A bird I regularly see at this time of the year is the looming black shape of a Great Cormorant (aka Cormorant) and after doing a bit of reading I found out something that will boggle your mind. So, there are two species of cormorant breeding in the UK. A ‘continental’ subspecies P.c.sinensis and the ‘coastal’ P.c.carbo. P.c.sinensis has pioneered the way into breeding inland in trees and P.c.carbo is following closely behind. The only way to differentiate between the two is to look at the gular pouch (ignore what bird books say about size, plumage colour, etc., that is now out of date). What on earth is a gular pouch I hear you cry! It is the yellow-orange area of skin at the base of the lower mandible; its purpose is to dissipate heat away from the Cormorant’s body.
Cormorants with a gular pouch angle of less than 65 degrees are P.c.carbo, while those greater than 76 degrees are P.c.sinensis. Individuals with a gular pouch angle of 66-75 degrees (which account for around 10% of birds studied in the hand) cannot be reliably identified, perhaps because they are hybrids. It appears that the gular pouch angle is smallest (c.45 degrees) in P.c.carbo birds at the northern edge of the range, in Greenland, and greatest (c.110 degrees) in P.c.sinensis at the eastern end of the range, in China. British birders are at the southern end of P.c.carbo and the western end of P.c.sinensis which as you can imagine, is a headache waiting to happen!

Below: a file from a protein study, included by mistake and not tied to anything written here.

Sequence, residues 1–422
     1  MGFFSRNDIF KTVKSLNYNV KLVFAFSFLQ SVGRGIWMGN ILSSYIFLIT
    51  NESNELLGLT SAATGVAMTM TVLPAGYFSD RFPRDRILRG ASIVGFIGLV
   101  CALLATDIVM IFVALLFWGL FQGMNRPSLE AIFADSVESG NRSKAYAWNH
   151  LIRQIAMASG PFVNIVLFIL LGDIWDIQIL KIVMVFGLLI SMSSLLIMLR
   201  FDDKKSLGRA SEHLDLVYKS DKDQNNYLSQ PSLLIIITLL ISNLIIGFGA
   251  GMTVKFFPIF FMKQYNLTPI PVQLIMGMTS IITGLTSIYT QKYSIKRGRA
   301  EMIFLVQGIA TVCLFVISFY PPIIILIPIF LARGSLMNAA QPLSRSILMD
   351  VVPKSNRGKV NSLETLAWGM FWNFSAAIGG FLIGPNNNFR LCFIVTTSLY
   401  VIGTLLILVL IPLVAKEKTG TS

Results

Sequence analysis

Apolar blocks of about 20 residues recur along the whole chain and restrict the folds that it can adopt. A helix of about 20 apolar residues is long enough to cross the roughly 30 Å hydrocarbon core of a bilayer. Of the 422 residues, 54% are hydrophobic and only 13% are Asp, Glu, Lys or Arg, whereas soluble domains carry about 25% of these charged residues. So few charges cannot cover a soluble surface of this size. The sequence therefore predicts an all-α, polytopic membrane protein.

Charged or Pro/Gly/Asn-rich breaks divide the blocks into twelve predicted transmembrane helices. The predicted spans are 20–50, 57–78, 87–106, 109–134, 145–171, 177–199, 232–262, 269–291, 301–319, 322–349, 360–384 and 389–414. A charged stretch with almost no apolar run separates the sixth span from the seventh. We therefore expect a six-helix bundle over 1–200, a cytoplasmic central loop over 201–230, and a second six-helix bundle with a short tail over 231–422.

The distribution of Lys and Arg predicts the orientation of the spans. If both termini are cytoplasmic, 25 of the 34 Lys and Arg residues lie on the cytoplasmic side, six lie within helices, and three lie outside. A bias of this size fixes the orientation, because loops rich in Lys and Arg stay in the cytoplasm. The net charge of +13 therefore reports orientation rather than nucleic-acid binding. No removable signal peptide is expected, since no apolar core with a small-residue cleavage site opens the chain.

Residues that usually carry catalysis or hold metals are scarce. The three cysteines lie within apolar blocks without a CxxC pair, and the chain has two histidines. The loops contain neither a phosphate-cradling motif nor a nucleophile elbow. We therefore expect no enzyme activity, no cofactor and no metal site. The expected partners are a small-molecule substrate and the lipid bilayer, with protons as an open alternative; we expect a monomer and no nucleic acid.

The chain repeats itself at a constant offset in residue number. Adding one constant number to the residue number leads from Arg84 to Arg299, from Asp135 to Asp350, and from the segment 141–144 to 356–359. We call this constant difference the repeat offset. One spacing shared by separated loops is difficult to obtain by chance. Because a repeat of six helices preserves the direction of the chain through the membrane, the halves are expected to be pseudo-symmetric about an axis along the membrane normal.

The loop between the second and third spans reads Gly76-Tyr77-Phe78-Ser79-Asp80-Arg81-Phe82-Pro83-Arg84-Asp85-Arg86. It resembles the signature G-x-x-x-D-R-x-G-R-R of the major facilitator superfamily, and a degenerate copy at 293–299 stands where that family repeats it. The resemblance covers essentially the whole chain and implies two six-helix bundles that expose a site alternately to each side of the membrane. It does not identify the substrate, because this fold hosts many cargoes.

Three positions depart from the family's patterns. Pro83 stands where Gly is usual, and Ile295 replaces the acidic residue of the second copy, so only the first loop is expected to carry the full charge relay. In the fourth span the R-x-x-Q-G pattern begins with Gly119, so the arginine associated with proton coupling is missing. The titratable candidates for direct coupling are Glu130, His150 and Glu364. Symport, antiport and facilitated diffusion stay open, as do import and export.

I hope your mind has been suitably boggled, I know mine has! Basically what it comes down to is that the only way to get an accurate identification is to get hold of a bird and even then you could be wrong. My suggestion is to give up now and the next time you see a Cormorant, don’t worry about which sub species it is!
Laura Preston – Scottish Wildlife Trust, Falls of Clyde Ranger
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